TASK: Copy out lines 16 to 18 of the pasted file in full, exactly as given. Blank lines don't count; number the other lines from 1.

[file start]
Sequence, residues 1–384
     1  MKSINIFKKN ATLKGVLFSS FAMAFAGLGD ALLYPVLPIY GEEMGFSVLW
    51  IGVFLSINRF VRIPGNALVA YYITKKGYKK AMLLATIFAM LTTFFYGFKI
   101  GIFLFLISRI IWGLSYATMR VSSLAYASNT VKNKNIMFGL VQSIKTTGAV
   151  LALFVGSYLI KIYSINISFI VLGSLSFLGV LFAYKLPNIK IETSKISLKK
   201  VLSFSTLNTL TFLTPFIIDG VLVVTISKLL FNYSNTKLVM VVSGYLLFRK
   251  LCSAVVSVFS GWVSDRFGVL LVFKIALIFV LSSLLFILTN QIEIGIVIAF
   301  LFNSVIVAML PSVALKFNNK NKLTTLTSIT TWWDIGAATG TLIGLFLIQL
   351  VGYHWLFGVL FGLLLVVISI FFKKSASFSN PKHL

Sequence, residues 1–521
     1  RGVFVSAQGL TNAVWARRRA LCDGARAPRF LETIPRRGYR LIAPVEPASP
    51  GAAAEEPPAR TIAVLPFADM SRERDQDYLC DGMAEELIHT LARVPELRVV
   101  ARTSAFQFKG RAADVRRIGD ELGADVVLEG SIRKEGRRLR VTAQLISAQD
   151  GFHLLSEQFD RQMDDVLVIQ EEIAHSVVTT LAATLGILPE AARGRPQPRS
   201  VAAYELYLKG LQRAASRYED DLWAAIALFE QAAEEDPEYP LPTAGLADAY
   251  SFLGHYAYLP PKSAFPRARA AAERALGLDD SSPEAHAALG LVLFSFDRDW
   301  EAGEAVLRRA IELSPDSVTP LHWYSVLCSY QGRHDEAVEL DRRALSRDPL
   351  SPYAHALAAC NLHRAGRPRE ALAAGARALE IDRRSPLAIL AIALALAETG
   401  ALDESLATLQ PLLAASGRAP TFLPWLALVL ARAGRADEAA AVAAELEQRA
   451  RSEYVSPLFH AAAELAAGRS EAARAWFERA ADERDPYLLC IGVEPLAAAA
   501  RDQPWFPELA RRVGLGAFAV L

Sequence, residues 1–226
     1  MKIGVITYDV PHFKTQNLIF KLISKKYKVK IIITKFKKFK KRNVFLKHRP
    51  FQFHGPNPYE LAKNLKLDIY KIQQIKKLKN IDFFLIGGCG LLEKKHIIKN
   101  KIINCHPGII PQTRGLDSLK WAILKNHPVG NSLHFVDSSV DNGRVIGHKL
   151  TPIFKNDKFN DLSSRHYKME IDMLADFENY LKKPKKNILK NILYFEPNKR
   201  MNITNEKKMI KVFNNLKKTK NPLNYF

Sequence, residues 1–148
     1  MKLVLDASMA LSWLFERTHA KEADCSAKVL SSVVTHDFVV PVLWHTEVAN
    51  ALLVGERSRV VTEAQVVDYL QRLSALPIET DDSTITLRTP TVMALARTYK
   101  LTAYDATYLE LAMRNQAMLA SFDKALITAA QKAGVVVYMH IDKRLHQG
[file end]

   251  SFLGHYAYLP PKSAFPRARA AAERALGLDD SSPEAHAALG LVLFSFDRDW
   301  EAGEAVLRRA IELSPDSVTP LHWYSVLCSY QGRHDEAVEL DRRALSRDPL
   351  SPYAHALAAC NLHRAGRPRE ALAAGARALE IDRRSPLAIL AIALALAETG